These first recordings were made with the free Audacity software. You can see in the screen capture (above) that I was having some trouble with overly loud recording levels before I figured out how to adjust them. (I hate reading manuals…) When the recording levels were that high, the music was clipped and very noisy during playback. Things sounded great after I got the levels adjusted.
This is Adele’s Daydreamer from her 19 album, recorded from the vinyl by Audacity on my Mac mini and saved as a .WAV file.
This is Tears for Fears’ Mother’s Talk from a 27-year-old 12″ single, recorded from the vinyl by Audacity and saved as a .WAV file.
I think the files both sound great. I don’t think the old Tears for Fears sounds any worse than the new Adele recording, sound and noise-wise.
GarageBand on the Mac mini
I have GarageBand on my Mac mini, so I thought I’d see if it would work as recording software for the Spinnerette. After all, why learn a new application if you already have one you’re familiar with, right? I closed Audacity, opened up GarageBand, and was immediately faced with a decision. GarageBand wants you to select the type of music it will be recording – keyboard, guitar, vocals, etc. I decided I’d try vocals, and I then selected the “No Effects” option in the far right column so that the music should be recorded just as it sounds coming out of the Crosley.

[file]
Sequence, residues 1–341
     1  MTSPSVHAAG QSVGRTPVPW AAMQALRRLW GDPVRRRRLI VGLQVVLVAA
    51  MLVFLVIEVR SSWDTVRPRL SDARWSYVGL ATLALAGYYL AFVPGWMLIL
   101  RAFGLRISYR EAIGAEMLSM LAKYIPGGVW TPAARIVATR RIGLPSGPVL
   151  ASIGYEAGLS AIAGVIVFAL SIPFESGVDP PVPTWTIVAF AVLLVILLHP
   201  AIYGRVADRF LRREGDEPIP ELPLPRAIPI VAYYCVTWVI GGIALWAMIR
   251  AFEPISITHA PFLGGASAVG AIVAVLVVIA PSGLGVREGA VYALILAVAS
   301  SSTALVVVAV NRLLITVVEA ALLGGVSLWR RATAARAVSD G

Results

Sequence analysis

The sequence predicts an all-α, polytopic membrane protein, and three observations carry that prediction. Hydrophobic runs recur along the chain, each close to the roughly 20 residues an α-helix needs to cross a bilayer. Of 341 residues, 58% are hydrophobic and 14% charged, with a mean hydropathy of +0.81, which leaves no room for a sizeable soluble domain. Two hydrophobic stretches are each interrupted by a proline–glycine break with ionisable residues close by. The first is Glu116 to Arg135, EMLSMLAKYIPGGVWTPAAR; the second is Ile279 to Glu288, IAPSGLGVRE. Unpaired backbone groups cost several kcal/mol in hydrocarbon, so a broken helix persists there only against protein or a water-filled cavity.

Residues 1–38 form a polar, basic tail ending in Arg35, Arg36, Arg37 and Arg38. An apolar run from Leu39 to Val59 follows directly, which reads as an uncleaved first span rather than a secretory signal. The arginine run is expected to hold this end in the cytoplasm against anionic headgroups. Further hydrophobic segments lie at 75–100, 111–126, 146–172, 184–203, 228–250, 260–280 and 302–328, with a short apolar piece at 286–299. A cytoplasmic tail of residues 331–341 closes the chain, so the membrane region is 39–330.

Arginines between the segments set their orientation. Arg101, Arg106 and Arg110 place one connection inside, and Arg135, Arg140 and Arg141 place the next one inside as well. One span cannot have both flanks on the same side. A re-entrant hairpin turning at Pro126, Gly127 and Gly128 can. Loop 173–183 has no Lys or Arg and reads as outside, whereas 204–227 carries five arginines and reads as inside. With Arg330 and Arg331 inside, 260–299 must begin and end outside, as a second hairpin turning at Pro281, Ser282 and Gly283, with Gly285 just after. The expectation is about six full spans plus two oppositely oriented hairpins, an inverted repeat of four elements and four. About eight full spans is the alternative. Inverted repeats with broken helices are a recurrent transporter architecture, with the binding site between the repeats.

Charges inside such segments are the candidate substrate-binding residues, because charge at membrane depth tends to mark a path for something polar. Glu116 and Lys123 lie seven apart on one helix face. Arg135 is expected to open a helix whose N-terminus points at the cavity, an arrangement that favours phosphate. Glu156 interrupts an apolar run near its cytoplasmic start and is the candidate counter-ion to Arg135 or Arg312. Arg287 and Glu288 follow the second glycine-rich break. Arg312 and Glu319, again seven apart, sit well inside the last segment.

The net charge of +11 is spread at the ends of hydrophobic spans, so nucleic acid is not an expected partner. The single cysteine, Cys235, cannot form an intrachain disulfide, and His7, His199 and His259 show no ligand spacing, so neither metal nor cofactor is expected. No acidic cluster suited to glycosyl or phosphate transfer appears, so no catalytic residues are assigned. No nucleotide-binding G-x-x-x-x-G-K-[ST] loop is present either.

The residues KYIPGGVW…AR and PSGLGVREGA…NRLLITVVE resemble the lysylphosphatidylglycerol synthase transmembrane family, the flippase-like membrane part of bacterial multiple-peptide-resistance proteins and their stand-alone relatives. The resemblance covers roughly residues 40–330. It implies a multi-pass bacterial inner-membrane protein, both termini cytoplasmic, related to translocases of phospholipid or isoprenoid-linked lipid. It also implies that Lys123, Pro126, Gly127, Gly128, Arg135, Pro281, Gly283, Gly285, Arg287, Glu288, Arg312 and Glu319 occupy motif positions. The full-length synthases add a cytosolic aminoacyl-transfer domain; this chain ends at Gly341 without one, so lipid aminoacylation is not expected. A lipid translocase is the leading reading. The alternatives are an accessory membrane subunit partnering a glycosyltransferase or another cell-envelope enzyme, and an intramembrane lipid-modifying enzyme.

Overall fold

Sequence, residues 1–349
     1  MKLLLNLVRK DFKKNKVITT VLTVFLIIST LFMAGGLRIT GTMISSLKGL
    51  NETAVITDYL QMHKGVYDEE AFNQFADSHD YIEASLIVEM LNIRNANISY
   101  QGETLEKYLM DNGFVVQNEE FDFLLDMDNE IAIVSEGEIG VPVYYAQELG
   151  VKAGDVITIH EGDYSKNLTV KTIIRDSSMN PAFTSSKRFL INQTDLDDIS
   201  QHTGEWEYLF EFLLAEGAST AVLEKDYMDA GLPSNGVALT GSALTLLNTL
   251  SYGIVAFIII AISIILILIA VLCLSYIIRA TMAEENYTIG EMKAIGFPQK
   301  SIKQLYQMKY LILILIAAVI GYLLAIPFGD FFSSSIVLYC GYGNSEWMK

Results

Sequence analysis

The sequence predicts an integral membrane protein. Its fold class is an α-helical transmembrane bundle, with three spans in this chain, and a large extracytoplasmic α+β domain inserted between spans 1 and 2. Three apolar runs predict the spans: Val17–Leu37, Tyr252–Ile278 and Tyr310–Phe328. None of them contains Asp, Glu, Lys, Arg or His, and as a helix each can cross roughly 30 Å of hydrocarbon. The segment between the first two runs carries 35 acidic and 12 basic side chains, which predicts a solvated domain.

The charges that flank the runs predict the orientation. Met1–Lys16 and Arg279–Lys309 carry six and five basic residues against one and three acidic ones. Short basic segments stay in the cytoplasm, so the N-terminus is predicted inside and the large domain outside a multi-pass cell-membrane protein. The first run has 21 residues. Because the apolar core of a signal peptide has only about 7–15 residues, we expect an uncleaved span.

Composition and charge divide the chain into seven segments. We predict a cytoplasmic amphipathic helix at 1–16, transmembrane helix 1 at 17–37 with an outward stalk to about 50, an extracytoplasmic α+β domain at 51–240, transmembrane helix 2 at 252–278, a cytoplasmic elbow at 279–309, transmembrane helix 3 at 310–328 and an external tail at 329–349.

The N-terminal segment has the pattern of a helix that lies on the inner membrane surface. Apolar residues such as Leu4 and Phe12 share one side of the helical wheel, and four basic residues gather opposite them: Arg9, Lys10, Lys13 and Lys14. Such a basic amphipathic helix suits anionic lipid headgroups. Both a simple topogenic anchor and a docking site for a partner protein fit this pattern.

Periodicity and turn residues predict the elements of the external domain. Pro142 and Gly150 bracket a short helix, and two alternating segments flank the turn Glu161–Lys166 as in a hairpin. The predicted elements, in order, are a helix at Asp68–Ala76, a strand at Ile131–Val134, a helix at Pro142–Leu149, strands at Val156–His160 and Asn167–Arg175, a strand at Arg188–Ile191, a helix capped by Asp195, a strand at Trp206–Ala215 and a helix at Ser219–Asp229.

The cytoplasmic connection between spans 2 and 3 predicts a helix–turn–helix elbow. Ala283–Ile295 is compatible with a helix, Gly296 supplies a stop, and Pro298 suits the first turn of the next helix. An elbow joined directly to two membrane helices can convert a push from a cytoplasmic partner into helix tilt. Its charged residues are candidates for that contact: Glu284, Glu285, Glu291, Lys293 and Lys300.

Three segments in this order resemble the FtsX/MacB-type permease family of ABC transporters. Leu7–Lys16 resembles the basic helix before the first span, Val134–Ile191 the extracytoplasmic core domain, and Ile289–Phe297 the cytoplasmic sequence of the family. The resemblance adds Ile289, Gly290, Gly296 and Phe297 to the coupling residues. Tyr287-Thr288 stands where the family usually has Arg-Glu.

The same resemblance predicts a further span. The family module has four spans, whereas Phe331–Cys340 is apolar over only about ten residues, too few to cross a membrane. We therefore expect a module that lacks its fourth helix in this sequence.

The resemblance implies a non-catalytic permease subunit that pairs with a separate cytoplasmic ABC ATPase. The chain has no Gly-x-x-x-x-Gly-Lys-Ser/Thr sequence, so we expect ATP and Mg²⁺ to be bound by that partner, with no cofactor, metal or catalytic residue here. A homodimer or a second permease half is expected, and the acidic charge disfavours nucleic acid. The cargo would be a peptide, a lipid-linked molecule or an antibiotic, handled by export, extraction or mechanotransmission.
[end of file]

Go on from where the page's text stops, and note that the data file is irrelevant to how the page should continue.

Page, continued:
GarageBand worked like a champ with the Spinnerette. I recorded snippets of the same songs I’d used with Audacity, and I found that I had many options for exporting the data as a file. I could save it with iTunes Plus resolution (AAC, 256kbps, stereo, and optimized for music and complex audio), among other levels. I opted to save at “high quality”, which was defined as “AAC, 192kbps, stereo, and optimized for music and complex audio” for these tests.
This is Adele’s Daydreamer, recorded from the vinyl by GarageBand on my Mac mini and saved as a .M4A file.
This is Tears for Fears’ Mother’s Talk, recorded from the vinyl by GarageBand on my Mac mini and saved as a .M4A file.
GarageBand on the iPad
And of course, I have GarageBand on my iPad, too. I decided I’d try recording from the Spinnerette directly to my iPad. I did need some adapters to do this. I used the old 30-pin iPad Camera Connection Kit I already owned to connect the USB cable to the iPad. Because the iPad has a Lightning connector, I also had to use the Lightning to 30-pin Adapter to actually plug it in to the iPad. I plugged everything up, started up GarageBand on the iPad, and was able to start recording. I’m including a snippet of the Adele song so you can hear that it did work with the iPad mini with Retina display.
This is Adele’s Daydreamer, recorded from the vinyl by GarageBand on my iPad mini with Retina display and shared as a .M4A file.
I think Crosley’s Spinnerette USB Portable Turntable is a great product. It works extremely well as just a little “record player” for listening to your old or new vinyl albums and 45s. It works extremely well for converting the music on your old albums to digital files for use on your computer or portable audio devices so you can enjoy your music anywhere without having to replace or duplicate all your vinyl with digital versions. At $150, there’s no way you’ll go wrong with this great little Spinnerette record player.
Note: Adele’s 19 is copyright 2008 by XL Recordings Limited. Tears for Fears’ Mother’s Talk 12″ single is copyright 1984 & 1986 by Phonogram Ltd.